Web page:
The current newly arrived resident’s waiting periods are:

  • four years for JobSeeker Payment, Youth Allowance, Austudy, Parenting Payment and Special Benefit
  • two years for Carer Payment, PLP and DAPP and
  • one year for FTB Part A and Carer Allowance.

The budget measure will extend the waiting periods for Carer Payment, PLP, DAPP, FTB Part A and Carer Allowance to four years. A four-year waiting period will be applied to FTB Part B. The new waiting periods will apply to those granted a relevant visa after 1 January 2022.

A 26-week newly arrived resident’s waiting period was introduced from January 1993 for some working-age payments and then extended in 1997 to 104 weeks and to a wider range of payments. The 2017–18 Mid-Year Economic and Fiscal Outlook included a measure to extend existing two-year waiting periods to four, and introduce a three-year waiting period for Family Tax Benefit, PLP, DAPP and Carer Allowance (pp. 8–9) (these payments were not then subject to a waiting period). The 2018–19 Budget proposed extending this three-year period to four years (pp. 172–173). Some of these proposed waiting periods were opposed by Labor who negotiated with the Coalition Government to legislate the current periods starting from January 2019 (the proposed waiting period for FTB Part B was removed). Those granted a visa prior to January 2019 were exempt from the changes. The revised explanatory memorandum for the legislation stated the measures would provide savings of $1.3 billion over the forward estimates (p. 2).

The Department of Social Services stated that an estimated 13,200 individuals and 45,000 families would be affected by the 2021–22 budget measure. ACOSS is opposed to the change which it described as ‘brutal cuts’ (p. 4). Committee for Economic Development of Australia senior economist Gabriela D’Souza also criticised the measure as ‘a blatant money grab from people who can’t vote’.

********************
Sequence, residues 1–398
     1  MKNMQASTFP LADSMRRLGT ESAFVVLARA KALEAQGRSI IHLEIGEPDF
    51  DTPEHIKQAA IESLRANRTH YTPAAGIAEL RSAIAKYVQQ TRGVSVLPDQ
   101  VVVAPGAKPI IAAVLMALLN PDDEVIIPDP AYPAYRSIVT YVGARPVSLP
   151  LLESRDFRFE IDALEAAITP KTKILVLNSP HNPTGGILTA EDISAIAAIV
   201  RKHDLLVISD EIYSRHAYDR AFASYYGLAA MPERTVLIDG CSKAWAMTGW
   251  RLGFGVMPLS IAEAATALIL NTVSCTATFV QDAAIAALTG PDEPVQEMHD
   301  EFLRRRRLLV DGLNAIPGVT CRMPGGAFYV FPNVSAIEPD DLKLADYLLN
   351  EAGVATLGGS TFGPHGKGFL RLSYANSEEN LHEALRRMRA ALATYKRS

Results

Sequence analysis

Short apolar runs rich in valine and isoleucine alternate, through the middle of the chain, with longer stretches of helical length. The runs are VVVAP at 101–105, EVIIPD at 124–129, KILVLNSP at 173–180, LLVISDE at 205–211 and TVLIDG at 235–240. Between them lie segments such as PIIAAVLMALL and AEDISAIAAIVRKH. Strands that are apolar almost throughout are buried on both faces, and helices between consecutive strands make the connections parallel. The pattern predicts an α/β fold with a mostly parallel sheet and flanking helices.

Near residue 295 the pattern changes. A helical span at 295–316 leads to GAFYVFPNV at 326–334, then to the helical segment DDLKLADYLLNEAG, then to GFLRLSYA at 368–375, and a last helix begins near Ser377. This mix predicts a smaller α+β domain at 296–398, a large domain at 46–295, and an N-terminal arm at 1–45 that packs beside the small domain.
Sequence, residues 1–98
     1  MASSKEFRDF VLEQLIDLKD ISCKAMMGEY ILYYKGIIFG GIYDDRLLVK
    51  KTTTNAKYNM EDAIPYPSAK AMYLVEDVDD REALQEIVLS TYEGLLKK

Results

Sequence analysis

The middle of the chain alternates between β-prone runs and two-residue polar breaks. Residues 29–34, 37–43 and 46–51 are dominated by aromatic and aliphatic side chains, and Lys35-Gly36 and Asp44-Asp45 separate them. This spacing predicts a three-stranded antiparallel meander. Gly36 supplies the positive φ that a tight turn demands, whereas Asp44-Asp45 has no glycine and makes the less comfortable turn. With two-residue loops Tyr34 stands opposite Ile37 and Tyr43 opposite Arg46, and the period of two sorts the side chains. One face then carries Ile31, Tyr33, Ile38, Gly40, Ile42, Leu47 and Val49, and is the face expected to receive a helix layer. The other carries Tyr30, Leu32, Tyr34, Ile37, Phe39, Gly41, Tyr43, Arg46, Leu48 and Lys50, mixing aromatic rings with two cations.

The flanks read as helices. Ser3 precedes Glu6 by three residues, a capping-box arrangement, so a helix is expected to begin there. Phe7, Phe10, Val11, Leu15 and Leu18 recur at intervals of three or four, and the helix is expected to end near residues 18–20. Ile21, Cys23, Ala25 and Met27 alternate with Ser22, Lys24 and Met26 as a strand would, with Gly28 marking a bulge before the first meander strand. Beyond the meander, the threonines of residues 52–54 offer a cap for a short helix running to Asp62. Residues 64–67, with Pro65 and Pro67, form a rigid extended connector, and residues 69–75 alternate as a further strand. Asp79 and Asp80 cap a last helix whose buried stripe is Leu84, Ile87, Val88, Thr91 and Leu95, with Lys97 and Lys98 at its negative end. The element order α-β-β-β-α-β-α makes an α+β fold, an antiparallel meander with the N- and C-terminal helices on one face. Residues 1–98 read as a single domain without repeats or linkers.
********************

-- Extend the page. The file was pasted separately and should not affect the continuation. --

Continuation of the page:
Prior to 2019, the newly arrived resident’s waiting period applied only to income support payments which assist people not earning enough income from work to support themselves. The 2019 measures not only extended the duration of the waiting period, it extended the categories of payment subject to a waiting period to include those that assist with the costs of children or caring for someone with a disability or serious illness. Many claimants of these payments work (individuals need to meet a work test for PLP and DAPP), and the payments are means-tested. This budget measure will mean new permanent residents will need to wait even longer for access to government support for the costs of caring.

Fraud and integrity

The Budget provides an additional $27.6 million to extend the joint Services Australia and Australian Federal Police (AFP) fraud taskforce, Taskforce Integrity, and to cease compulsory third-party verification of single parents’ relationship status (Budget Paper No. 2, p. 180). The costs of the measure will be partially offset from debt recovery and compliance and will have an estimated net cost of $3.2 million.

Taskforce Integrity is one component of Services Australia’s compliance regime and focuses on serious fraud and identity crime. As at January 2021, the taskforce consisted of 62 Services Australia staff and eight ‘embedded’ AFP officers. In 2019–20, the taskforce had a budget of $10.7 million and helped recover $9.2 million in welfare payments. The taskforce referred 16 matters for prosecution in 2019–20.

The mandatory third-party verification process for single parents receiving Parenting Payment and Newstart Allowance was announced in the 2017–18 Budget and commenced from January 2018 (pp. 91–92). The process required a referee to validate new and existing claimants’ relationship status. From 1 January 2018 to November 2019, around 76,000 reviews of existing payment recipients were conducted with 950 found to be partnered. The Government had anticipated over 14,000 people would have their payments reduced or cancelled under the measure.

The mandatory third-party verification process has been on hold since the 2019–20 bushfires and will now cease. Payment recipients and claimants will still need to provide the contact details of a referee who Services Australia will contact if deemed necessary to verify the person’s relationship status.

The measure will also implement mandatory reviews of the relationship status of couples separated but living in the same home to be completed after 13 weeks (with ongoing reviews every 13 or 26 weeks) (p. 2). There is currently no mandatory review period.